This week the Zondo Commission of Inquiry into state capture will focus on the Free State asbestos project.
Evidence leader Advocate Paul Pretorius informed the commission that since former Free State economic development MEC Mxolisi Dukwana gave evidence in August last year, the commission has conducted an extensive investigation, and the “fruits of that investigation are now contained in the bundles” to be presented to the commission.
The evidence bundles contain affidavits from various witnesses, the current Public Protector’s report which makes several findings, court papers, transcripts of evidence, documents, plus a comprehensive signed investigators’ report.
The overall picture
Pretorius explained that asbestos was used extensively in housing and industry, but particularly in low-cost housing.
Some 36 000 low-cost homes in the Free State contain asbestos.
The National Department of Human Settlements appointed a panel of eight service providers in Gauteng to assess the prevalence, existence and extent of asbestos in low-cost housing, and to eradicate the asbestos. One of the companies appointed was Blackhead Consulting.
“There is no evidence of any competitive bidding that took place in the appointment of either panel… there was no tender process… there was no contract. The processes were entirely flawed,” said Pretorius.
Blackhead charged R650 per unit to assess the prevalence of asbestos. The Auditor-General declared that this procurement process was irregular.
The evidence of Blackhead CEO Edwin Sodi shows that “the profits were massive”. Blackhead was paid “in the region of R230 million” and the profit was in the “region of R100 million….the profits of all the others who participated in similar projects ranged between 50% and 60%.”
Sodi met the late Ignatius Mpambani (owner of Diamond Hill), who was well-connected and influential, at a function in Welkom. Sodi recognised a business opportunity. An unsolicited bid was made to the Free State department, resulting in a contract with a joint venture: Blackhead-Diamond Hill JV.
According to Sodi, Mpambani “had no knowledge, experience or capacity to deal with asbestos eradication. He contributed nothing to the contract at all.” All Mpambani did was “unlock opportunities through officials in the Free State.” For this, Mpambani was to receive 50% of the project price. The unlocking of opportunities required government officials to be paid off. Pretorius referred to a schedule in the commission’s possession that reflects the initials of provincial officials next to the payment allocated.
Mpambani was gunned down in Sandton in 2017.
The JV contract had a price of R850 per unit, contained different terms and conditions, and no transparent competitive bidding process had taken place. In the eyes of Pretorius, the participation contract was a “clumsy sham to cloak the contract between the Free State department and the JV with a veneer of legality.”
The service level agreement (SLA) entered into with the Free State department – according to Pretorius, “was deficient, it contained no information regarding to overall price per unit…it had a number of provisions regarding payment (which were ignored in the execution of the contract)…there was no budget for the project.” The SLA was also in contravention of the department’s own supply chain management policy.
The initial cost of the project was R127 million. The SLA provided that the JV would pay for the project. This was clearly not the intention. What it meant was that the JV would continue to ‘unlock’ the process by making sure that there was budget to pay. This would be achieved by a ‘rearrangement of priorities’ and a rearrangement of ‘budgetary considerations’.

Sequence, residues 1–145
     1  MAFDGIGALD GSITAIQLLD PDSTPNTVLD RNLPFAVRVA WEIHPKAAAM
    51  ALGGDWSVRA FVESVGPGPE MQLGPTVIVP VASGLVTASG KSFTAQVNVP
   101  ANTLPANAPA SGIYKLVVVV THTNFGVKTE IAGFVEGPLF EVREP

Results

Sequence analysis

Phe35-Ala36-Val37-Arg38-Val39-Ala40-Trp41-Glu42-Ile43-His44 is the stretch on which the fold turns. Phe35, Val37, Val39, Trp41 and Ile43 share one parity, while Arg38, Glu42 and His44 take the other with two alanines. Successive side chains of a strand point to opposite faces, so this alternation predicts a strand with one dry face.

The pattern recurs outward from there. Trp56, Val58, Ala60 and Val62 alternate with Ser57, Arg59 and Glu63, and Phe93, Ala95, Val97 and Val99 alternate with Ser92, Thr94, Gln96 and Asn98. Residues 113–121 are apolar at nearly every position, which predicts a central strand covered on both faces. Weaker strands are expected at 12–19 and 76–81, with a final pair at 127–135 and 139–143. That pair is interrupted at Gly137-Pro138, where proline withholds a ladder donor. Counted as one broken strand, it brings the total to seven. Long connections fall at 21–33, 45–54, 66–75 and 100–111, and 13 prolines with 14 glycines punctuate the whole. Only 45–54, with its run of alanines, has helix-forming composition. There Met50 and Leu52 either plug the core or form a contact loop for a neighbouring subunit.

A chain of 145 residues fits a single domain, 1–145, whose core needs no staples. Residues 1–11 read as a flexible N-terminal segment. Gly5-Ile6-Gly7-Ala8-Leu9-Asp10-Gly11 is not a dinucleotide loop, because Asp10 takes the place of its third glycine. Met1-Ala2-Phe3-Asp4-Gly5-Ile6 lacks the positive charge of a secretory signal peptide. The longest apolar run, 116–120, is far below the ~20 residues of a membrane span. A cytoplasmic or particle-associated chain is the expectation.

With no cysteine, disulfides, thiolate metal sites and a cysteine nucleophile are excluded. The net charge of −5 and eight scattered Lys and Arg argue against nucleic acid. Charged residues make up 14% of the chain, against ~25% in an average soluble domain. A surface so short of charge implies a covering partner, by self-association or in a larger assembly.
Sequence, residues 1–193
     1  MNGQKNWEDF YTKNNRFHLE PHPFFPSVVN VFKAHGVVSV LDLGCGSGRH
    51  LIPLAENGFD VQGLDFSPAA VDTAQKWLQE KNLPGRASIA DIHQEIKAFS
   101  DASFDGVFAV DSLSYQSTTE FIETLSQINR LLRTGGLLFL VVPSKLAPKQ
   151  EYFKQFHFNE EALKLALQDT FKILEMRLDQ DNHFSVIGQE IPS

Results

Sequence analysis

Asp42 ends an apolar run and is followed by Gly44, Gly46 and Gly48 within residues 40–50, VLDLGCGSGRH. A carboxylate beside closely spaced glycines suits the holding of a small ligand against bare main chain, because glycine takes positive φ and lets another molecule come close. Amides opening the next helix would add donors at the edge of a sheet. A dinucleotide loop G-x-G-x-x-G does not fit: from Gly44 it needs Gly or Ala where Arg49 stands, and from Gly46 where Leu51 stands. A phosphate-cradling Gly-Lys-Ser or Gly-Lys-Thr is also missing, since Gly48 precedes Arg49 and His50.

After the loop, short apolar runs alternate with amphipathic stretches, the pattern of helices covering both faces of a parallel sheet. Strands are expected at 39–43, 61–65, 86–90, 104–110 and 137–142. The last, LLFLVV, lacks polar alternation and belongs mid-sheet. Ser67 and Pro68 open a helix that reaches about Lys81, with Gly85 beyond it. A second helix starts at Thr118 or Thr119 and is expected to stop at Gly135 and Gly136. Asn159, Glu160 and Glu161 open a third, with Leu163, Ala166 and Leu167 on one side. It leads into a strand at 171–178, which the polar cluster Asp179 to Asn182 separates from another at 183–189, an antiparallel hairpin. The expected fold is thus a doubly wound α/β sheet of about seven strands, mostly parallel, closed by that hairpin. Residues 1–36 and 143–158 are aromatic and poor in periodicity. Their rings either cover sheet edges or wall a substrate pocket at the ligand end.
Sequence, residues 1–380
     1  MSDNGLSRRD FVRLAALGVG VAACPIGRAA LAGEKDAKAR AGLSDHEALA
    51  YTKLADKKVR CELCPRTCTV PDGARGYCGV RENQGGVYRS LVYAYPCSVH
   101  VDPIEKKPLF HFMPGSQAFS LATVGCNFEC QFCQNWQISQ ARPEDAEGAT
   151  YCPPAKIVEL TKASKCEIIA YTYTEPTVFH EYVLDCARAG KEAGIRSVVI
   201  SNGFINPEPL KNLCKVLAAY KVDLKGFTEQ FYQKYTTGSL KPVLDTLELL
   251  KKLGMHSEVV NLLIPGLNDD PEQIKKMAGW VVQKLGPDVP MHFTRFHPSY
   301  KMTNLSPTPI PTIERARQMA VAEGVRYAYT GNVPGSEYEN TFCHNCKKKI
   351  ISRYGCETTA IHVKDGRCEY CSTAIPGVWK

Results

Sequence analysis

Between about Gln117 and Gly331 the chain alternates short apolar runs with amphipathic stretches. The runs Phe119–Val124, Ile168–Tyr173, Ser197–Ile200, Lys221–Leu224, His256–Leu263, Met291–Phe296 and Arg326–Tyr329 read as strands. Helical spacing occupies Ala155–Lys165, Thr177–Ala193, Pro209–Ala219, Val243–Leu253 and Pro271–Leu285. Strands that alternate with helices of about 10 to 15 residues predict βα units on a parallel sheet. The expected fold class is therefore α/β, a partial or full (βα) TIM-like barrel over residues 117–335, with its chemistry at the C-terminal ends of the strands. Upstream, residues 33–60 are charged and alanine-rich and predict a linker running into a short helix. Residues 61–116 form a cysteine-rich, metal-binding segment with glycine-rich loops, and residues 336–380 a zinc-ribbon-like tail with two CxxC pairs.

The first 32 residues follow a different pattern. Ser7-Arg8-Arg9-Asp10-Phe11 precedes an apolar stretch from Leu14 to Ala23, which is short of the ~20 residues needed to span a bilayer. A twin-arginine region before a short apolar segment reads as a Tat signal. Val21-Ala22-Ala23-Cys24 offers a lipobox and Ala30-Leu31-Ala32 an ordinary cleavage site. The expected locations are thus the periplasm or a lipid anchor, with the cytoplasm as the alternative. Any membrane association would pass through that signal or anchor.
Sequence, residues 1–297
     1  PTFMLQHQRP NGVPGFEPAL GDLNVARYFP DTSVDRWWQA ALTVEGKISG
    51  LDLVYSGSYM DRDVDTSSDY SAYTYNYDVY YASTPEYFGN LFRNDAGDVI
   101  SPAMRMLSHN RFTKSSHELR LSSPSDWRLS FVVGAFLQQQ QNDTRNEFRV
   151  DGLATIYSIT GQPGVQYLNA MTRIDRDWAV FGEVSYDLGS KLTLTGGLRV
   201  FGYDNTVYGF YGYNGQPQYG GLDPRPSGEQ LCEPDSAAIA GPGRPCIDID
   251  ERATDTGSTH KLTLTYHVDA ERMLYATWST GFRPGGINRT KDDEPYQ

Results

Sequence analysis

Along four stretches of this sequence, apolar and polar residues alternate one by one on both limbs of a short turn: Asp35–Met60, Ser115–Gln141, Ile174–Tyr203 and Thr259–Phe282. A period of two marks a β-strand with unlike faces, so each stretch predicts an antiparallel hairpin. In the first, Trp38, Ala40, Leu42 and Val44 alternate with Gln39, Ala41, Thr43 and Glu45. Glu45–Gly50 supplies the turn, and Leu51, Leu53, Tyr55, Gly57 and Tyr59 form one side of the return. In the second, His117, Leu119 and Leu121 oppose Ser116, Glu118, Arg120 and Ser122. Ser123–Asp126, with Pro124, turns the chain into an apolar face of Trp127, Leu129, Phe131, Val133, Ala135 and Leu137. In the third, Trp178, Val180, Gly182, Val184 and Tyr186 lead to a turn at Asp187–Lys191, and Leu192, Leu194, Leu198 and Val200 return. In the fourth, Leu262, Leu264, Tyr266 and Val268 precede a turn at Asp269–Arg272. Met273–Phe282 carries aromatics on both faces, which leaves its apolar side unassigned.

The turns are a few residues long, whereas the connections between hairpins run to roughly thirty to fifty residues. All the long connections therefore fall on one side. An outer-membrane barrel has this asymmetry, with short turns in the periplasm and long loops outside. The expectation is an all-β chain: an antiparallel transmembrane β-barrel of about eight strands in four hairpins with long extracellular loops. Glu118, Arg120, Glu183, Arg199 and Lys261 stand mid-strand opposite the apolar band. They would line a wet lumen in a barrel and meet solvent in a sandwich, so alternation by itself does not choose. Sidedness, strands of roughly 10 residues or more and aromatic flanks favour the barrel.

The regulations laid down by National Treasury in regard to an unsolicited bid require that an unsolicited bid is transparent, and must therefore be published. However, this process was secretive. No due diligence was carried out on the JV. Further payment to the JV was suspended when the current Public Protector produced a report stating that the SLA was flawed and unlawful.
The asbestos audits
Jacobus Roets, a registered asbestos expert, gave his opinion to the commission on five examples of assessments and one report from the Free State asbestos project. In his opinion these documents do not contain the necessary information to enable a project for the effective removal and eradication of the asbestos (type of asbestos, other asbestos containing building materials, quantity, risk, GPS location). The assessments would have to be redone.
Legislation requires an asbestos report that is drafted after an assessment and identification of asbestos to be properly recorded and kept for 40 years.
The Free State asbestos project squandered hundreds of millions of rands, but the asbestos is still in the roofs, and the occupants of the homes are exposed to the health risks.
Blue asbestos is the most hazardous asbestos, and was extensively used in the Northern Cape.
The state has a constitutional duty to care for the safety and well-being of its citizens, and to provide adequate housing. It has failed to do so.
Stricter stance for commission
As an aside, the Zondo Commission is entering into a new phase. Implicated persons will now have to answer to all allegations, and they will no longer be able to hide behind their false sense of self-importance, political connections, and entitlement.
Up against them is a mountain of evidence gathered by the commission’s investigators after painstaking inquiry.
Judge Raymond Zondo, seemingly considerate and affable, is adopting a tougher stance and will no longer be putting up with witnesses’ excuses of not having had time to prepare their defence, or of how important and busy they are in their day jobs.
He recently expressed the view “that it is about time that everyone must be issued with summons, compelling them to appear before the commission, rather than just issuing notices.”